Back in the boat tent, a recovering Obreno is perhaps considering the possibility of a medal at the upcoming Olympics.
Future Olympic medal or not, these will probably do for now. The silver gilt Pineapple Cup is Obreno’s to keep.
Future Olympic medal or not, these will probably do for now. The silver gilt Pineapple Cup is Obreno’s to keep.

I do not know if Mahé is interested in history but I can tell him that in 1912, WD Kinnear of Kensington Rowing Club was unexpectedly defeated in the first round of the Diamonds – but a month later he went to the Stockholm Games and won Olympic Gold, beating a Belgian in the final. He partly attributed his comeback to drinking ‘Black Velvet’ (Guinness and Champagne) and to sexual abstinence. 

The Double Sculls Challenge Cup (Men’s Open Double Sculls)

Draw here. Video here.

N.C. Middleton & J.R.A. Beaumont (Leander Club) beat G. Fistravec & D. Fridman (Veslaški Klub Maribor, Slovenia and Tiberias Rowing Club, Israel) by 4 1/2 lengths, time 7 minutes 27 seconds.

Nick Middleton (Bow) and Jack Beaumont (Stroke) add to Leander’s laurels. ‘Fatsculler’ Daniel Spring wrote: 'The Leander boys seemingly don’t know how to lose at Henley, as I understand it, Middleton has won 21 straight races and Beaumont hasn’t lost since the Fawley in 2010!'
Nick Middleton (Bow) and Jack Beaumont (Stroke) add to Leander’s laurels. ‘Fatsculler’ Daniel Spring wrote: ‘The Leander boys seemingly don’t know how to lose at Henley, as I understand it, Middleton has won 21 straight races and Beaumont hasn’t lost since the Fawley in 2010!’
Fistravec (Bow) and Fridman (Stroke). In 2014, Dani Fridman was the first Israeli to compete at Henley.
Fistravec (Bow) and Fridman (Stroke). In 2014, Dani Fridman was the first Israeli to compete at Henley.
Beaumont (left) and Middleton (right).
Beaumont (left) and Middleton (right).

The Silver Goblets and Nickalls Challenge Cup (Men’s Open Coxless Pairs)

Draw here. Video here.

R. Braas & M. Steenman, Holland beat B. Demey & E. Jonville (Aviron Grenoblois and Cercle Nautique d’Annecy, France) by 3 3/4 lengths, time 7 minutes 35 seconds.

Roel Braas (Bow) and Mitchel Steenman (Stroke), the Dutch Olympic pair that are expected to get a medal in Rio – so it was no surprise when they won.
Roel Braas (Bow) and Mitchel Steenman (Stroke), the Dutch Olympic pair that are expected to get a medal in Rio – so it was no surprise when they won.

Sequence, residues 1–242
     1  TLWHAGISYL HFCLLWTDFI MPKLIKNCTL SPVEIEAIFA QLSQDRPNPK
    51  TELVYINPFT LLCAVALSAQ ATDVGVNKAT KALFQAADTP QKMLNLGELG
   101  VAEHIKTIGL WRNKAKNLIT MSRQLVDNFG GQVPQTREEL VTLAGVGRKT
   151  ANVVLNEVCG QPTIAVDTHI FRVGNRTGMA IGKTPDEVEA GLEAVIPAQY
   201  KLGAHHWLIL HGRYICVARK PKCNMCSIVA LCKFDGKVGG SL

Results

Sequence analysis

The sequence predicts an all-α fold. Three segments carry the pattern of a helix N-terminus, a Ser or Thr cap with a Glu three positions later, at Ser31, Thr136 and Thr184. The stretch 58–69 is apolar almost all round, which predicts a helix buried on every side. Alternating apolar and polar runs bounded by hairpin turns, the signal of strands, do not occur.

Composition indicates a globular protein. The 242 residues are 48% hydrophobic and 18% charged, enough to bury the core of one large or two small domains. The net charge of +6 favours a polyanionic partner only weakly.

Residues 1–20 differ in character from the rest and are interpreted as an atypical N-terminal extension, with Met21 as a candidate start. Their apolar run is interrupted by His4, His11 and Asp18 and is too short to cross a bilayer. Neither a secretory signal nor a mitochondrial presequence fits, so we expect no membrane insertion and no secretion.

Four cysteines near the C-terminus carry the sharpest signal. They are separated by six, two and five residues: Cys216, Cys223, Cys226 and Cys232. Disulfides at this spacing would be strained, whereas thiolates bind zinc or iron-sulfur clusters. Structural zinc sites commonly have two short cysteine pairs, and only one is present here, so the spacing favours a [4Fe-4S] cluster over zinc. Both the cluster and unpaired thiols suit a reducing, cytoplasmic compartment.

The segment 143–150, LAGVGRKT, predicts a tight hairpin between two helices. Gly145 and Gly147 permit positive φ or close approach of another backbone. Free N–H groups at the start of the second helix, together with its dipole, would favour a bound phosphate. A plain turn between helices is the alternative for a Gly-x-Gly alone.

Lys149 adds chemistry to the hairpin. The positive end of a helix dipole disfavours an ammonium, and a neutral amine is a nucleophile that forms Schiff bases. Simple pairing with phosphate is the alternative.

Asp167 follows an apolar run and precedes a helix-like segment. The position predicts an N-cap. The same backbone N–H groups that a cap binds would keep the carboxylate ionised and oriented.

Brass (right) wears a particularly fine example of a Dutch student blazer which is passed on from one generation to the next with a strict prohibition on washing or repairing. In his left hand, Steenman holds the Silver Goblet that is his to keep (and to go with the one that he already has).
Brass (right) wears a particularly fine example of a Dutch student blazer which is passed on from one generation to the next with a strict prohibition on washing or repairing. In his left hand, Steenman holds the Silver Goblet that is his to keep (and to go with the one that he already has).

The Queen Mother Challenge Cup (Men’s Open Quad Sculls)

Draw here. Video here.

Leander Club beat California Rowing Club, U.S.A. by 2 1/2 lengths, time 6 minutes 45 seconds.

The Leander Crew of international lightweights – who clearly get a discount in the club shop. The Queen Mother has been a poorly supported event for some time but this year it did a little better, attracted eight entries.
The Leander Crew of international lightweights – who clearly get a discount in the club shop. The Queen Mother has been a poorly supported event for some time but this year it did a little better, attracted eight entries.

The Stewards Challenge Cup (Men’s Open Coxless Fours)

Draw here. Video here.

Hollandia Roeiclub, Holland, beat Erster Wiener Ruderclub ‘LIA’ and Ruderverein Villach, Austria, by 1 3/4 lengths, time 6 minutes 53 seconds.

Smiles for the winning Hollandia crew who dominated their race from the start.